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Ellapennella

"Was Yahweh an Edomite or Canaanite god"

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Ellapennella

Question: "Was Yahweh originally a Edomite or Canaanite god?"

Answer: 
The idea that Yahweh started out as an Edomite, Midianite, or Canaanite deity is a modern myth promoted by secular scholars. The starting point for these theorists is an anti-scholarly bias against the possibility that God is who the Bible says He is, namely, the one-and-only Creator, Author of life, Judge, and Savior of the world (Genesis 1:1; 18:25; Acts 3:15; John 3:16). Rather than acknowledge that God made man in God’s image (Genesis 1:26–27), they assume that man made God in man’s image. And when you begin with a premise that is an error, you’re guaranteed an invalid conclusion.

The false theory that Yahweh, the God of the Bible, was created out of the chief god of Edom with influence from Midian relies on the following points:
https://www.gotquestions.org/Yahweh-Edomite-Canaanite-god.html

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sci-nerd

It's funny you should mention Genesis 1:26, because that states plural gods. Elohim, mentioned 2,366 times in the bible means 'many gods'.

Scholars are always closer to the truth, because they are not limited by one single source.

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XenoFish

This is the second 'rant' thread I've seen today...

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Podo

All of the modern scholarship shows that Yahweh was a Caananite god, with some evidence of it even being a forge-god in the Bronze Age. But Christians don't care about facts, they only care about their feelings.

My first link is wikipedia, which isn't the best source, but I linked it because of the excellent list of sources on its own page. Any of them are more than enough to substantiate Yahweh's position as a pre-jewish deity.

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VastLand
58 minutes ago, Ellapennella said:

Question: "Was Yahweh originally a Edomite or Canaanite god?"

Answer: 
The idea that Yahweh started out as an Edomite, Midianite, or Canaanite deity is a modern myth promoted by secular scholars. The starting point for these theorists is an anti-scholarly bias against the possibility that God is who the Bible says He is, namely, the one-and-only Creator, Author of life, Judge, and Savior of the world (Genesis 1:1; 18:25; Acts 3:15; John 3:16). Rather than acknowledge that God made man in God’s image (Genesis 1:26–27), they assume that man made God in man’s image. And when you begin with a premise that is an error, you’re guaranteed an invalid conclusion.

The false theory that Yahweh, the God of the Bible, was created out of the chief god of Edom with influence from Midian relies on the following points:
https://www.gotquestions.org/Yahweh-Edomite-Canaanite-god.html

I am glad that you started this thread, and I shall happily give my opinion:

To understand these topics, of names for "god", we must first understand that Israel, in the Ancient past, were primarily under an Eastern Philosophical perspective, and thus these people lived life judging and describing the world around them, through actions, and functions. Rather than the western philosophy, which is based on appearances.

A noun, is very much like a verb, and adjective, simultaneously, as the character of anything is determined by it's actions. Where as in Western philosophy, objects are described static, in Eastern philosophy objects are described like subjects in motion (I mean in the personified sense).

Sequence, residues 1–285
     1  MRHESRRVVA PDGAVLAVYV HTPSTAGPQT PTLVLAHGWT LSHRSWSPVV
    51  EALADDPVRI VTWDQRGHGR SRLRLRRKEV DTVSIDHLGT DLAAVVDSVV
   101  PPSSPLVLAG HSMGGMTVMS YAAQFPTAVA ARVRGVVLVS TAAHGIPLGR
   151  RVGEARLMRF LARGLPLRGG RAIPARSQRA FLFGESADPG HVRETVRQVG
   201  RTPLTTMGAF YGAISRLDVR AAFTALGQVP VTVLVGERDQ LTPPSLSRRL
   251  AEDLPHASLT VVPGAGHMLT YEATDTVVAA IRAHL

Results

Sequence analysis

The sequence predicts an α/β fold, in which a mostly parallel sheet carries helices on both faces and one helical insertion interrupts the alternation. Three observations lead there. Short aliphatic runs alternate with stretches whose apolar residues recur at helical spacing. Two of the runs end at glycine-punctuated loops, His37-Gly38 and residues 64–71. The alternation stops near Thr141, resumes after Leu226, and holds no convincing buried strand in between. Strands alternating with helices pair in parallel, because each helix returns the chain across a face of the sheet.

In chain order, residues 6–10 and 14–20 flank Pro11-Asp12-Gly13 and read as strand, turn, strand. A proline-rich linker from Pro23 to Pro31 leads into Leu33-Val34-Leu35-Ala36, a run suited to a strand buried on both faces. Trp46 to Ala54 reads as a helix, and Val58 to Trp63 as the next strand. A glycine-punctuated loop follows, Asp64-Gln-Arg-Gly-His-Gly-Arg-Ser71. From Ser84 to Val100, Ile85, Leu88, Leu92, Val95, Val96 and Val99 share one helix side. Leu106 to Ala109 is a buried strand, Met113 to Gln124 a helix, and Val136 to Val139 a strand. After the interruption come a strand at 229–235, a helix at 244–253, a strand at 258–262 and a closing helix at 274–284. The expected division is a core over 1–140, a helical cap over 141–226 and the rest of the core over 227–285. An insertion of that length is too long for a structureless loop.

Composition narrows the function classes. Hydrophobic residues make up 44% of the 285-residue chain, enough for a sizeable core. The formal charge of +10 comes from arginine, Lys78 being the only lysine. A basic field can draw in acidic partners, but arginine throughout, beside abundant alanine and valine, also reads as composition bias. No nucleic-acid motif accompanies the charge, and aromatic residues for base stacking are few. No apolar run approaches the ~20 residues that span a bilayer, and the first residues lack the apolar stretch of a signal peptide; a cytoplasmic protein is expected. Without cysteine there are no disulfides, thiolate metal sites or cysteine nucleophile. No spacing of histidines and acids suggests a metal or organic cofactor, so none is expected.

In Israel, traditionally, as can be found in Torah, they used numerous names to describe the wealthy character of god. To understand Spirit, these various names noted aspects of creator's nature.

Examples: El Shaddai: My breast of power; Eheyah Asher Eheyah: Exist Happy Exist; Elah: She mighty shephard, alternatively: She power; Ruahh: Wind (word for spirit).

Now then, to best understand Hebrew, we must look to the older system of writing, called "West Semitic", also referred to as "Paleo-hebrew", in which every individual letter, is a pictogram (picto-,image; -gram, alphabetical letter), with a specific extension of meanings, designed around the function of the object that the letter represents. Each of these individual letters come together to form "parent roots", where each individual letter work together to spell out an object in motion. 

For a better understanding in all this, it is best to start reading the works of Jeff A. Benner. His website: https://www.ancient-hebrew.org/           His Youtube channel: https://www.youtube.com/channel/UC6JJpa_DEnsRZEgGk7yEGAQ

Alrighty, now that all this is out of the way, we understand that there was more than one name for him, and each one was created through time, meaning, that in different eras, new names can surface. 

The name "Yahweh", which is more likely to have been pronounced "Yahuah" in early Yahudit, (language of the Yahudim{Jews)), is actually four different letters: (יהוה), from right to left, Yad, Het, Wau, Het. These individual letters are the pictograms: Yad(arm and hand), Het(man with hands raised, in surprise), Wau(tent stake), Het(man with hands raised, in surprise). 

There are two possibilities for root words, to this Proper Noun. Either "Yahu", having to do with praise, as in the name "Yahudah"; or "Huah", having to do with breath. The most common opinion, is that this name comes from the root "Huah", which is probably grammatically correct. Huah, is the Pictograms: "man surprised", "tent stake", "man surprised". This word "Huah" is a child root, coming from the parent root "Hah", and represents a man doubly surprised, he will "exhale his breath", in the form of "exhale", "sigh", "voice" , breath is a quality gifted by Spirit, and represents "Exist", as when a man speaks out, he makes himself known to exist. "Huah" then, has a masculine in-fix added to a feminine word, and may mean "he exist".